The reality is diametrically opposed to this misinformation campaign. Women see divorce as the last resort, after years of suffering and abuse, and the amount of alimony granted by the judges is proportionate to the declared income of husbands. The Turkish Bar Association recently held a workshop to discuss these proposals to curb women’s alimony rights. Their final resolution was strongly critical of any measure that infringes upon the alimony rights of women. The Bar Association argued the following:
- Alimony is a contractual obligation among married couples, and as such social policies or welfare payments from the state cannot act as a substitute.
- Women face economic discrimination due to gendered division of labor and severe discrimination in workplace. Any allegedly “neutral” modification of alimony rights will inevitably worsen the already weak and vulnerable economic position of women. Such changes would also violate the terms of the Convention on the Elimination of all Forms of Discrimination Against Women (CEDAW), which Turkey had signed and ratified.
- Eliminating the right to alimony would compel women to stay in abusive and violent marriages, which in turn violates the international treaty requirements of Turkey. International law obliges the Turkish state to guarantee gender equality and effectively remove the obstacles that inhibit women’s emancipation.
- Structural problems systematically inhibit women’s participation in the work force. Without addressing these issues, the state cannot fairly reform the alimony issue.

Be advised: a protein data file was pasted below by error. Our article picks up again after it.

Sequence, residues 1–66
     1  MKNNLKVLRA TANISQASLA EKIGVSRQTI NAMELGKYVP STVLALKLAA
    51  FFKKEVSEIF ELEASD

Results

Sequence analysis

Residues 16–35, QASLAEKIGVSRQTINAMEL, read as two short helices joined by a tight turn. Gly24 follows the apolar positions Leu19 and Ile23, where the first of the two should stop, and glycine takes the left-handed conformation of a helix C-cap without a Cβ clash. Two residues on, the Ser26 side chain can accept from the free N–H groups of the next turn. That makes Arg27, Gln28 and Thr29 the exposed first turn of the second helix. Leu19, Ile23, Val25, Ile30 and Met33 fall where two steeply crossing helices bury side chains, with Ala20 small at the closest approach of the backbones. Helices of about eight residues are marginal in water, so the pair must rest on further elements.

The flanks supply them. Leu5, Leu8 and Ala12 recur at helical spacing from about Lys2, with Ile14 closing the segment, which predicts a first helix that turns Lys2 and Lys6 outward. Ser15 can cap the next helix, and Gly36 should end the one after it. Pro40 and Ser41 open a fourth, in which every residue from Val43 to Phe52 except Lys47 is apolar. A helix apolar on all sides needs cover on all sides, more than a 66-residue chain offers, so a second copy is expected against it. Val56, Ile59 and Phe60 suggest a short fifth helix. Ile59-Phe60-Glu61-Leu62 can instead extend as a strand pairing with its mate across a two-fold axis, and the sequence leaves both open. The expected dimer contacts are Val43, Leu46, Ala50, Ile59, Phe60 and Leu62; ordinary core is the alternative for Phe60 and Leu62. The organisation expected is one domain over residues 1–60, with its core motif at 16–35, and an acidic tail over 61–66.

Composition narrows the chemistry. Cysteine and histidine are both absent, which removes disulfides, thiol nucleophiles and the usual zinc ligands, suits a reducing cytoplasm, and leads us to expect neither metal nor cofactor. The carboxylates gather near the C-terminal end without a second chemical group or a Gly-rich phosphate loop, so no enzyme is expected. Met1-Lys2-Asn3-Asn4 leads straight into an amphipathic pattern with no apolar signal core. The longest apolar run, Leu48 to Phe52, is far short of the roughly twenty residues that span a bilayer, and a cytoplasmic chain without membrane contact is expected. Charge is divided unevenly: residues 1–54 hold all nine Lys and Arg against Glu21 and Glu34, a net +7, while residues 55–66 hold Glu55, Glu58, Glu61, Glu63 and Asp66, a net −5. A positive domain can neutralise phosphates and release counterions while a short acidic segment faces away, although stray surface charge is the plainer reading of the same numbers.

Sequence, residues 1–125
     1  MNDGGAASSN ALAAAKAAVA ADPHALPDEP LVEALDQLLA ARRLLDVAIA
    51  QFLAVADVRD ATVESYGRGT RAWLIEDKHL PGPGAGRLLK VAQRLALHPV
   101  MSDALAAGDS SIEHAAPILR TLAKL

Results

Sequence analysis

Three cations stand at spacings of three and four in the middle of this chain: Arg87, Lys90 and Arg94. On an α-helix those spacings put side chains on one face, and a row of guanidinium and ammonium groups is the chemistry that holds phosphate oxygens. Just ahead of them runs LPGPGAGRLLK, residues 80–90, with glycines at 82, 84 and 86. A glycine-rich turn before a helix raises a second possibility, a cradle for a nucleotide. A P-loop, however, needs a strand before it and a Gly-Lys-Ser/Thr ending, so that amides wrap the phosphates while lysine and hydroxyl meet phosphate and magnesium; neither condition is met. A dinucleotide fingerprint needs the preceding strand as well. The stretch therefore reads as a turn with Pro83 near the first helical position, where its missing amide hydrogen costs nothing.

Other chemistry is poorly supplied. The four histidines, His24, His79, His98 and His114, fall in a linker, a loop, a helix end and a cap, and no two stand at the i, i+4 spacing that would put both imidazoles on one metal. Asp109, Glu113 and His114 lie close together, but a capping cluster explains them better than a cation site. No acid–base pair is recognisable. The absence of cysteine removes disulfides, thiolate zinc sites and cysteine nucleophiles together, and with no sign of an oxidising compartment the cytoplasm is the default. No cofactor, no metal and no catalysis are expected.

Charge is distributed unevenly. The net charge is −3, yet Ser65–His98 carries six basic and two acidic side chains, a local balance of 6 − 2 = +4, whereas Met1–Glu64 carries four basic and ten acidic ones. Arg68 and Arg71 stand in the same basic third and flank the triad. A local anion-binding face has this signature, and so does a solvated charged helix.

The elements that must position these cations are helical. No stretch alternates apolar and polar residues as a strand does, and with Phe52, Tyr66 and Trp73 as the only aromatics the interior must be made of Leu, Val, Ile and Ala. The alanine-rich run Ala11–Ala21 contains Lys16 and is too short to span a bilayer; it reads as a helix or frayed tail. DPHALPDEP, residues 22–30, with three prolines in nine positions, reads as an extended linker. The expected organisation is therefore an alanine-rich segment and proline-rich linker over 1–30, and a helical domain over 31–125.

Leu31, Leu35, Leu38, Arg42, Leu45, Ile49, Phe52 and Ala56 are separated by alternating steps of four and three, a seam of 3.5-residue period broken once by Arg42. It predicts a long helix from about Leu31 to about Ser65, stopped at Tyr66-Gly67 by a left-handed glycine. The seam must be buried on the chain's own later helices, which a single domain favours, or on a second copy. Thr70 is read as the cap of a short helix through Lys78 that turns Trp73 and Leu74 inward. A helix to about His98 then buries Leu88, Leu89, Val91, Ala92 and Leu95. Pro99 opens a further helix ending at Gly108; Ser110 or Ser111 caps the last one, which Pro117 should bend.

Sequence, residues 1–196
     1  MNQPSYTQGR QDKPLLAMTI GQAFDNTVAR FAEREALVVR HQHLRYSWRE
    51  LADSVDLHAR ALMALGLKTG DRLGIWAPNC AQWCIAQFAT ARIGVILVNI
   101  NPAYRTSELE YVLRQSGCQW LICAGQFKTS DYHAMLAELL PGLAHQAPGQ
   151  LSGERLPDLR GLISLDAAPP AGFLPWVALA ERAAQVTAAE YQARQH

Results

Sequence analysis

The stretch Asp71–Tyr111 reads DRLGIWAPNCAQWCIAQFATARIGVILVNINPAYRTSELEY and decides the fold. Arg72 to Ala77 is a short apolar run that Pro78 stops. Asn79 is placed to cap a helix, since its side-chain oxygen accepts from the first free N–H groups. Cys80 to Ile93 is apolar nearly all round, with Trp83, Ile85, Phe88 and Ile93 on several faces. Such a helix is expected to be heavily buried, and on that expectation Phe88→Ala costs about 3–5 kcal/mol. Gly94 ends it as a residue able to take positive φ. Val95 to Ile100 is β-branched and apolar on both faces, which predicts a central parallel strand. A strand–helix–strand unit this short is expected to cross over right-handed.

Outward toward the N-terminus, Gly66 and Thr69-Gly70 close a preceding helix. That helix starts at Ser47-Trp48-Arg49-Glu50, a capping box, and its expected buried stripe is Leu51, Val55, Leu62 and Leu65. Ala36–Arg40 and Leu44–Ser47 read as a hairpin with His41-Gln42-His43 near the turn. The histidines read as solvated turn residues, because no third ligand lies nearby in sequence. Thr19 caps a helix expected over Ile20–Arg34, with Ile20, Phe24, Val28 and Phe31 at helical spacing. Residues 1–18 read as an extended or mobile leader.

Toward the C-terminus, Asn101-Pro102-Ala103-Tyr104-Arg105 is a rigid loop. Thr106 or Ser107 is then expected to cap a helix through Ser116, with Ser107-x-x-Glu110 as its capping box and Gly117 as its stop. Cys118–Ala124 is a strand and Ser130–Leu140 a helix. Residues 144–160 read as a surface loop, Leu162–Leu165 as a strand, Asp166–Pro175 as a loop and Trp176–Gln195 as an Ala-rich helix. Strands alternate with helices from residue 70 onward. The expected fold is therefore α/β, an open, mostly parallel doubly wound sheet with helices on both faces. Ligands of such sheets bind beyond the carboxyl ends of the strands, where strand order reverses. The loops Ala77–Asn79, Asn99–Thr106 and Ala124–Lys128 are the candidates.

- Only 69% of adult women have bank accounts to their name.
- 94% of all children who drop out of compulsory schooling are girls.
- In 2018, over 112,000 women have quit their jobs in order to take care of their elderly dependents. More than a million quit the workforce in order to look after their children.
In 2008, Turkey had about 500 public daycare centers. Nearly 90% of them closed, dropping their number to around 50 in 2016. Meanwhile the publicly funded Directorate of Religious Affairs tripled its daycare centers to more than 1500.
Recent discussions against alimony are not benign reform attempts by the Turkish government and pro-government sectors. As the Bar Association report clearly illustrates, no women become exorbitantly rich by collecting alimony. Judges already have more than enough discretion to curb any abuse of this right. However, there is every reason to maintain the existing alimony practice, given the graveness of economic discrimination women face in Turkey.
While the conservative forces embellish their claims with reference to religion and the sanctity of family rhetoric, they conveniently ignore that the right to alimony is a fundamental right granted to women under the Islamic law. In fact, the Turkish word “nafaka” is a modification of the Arabic “nafaqah”, which requires husbands to maintain the basic living standard of their wives after divorce.
In short, those who deny women equality keep re-opening the previously fought and won chapters in this long struggle. Examples include both reproductive rights in the US and the alimony rights in Turkey. This is definitely a long fight, but women do have a track record of perseverance.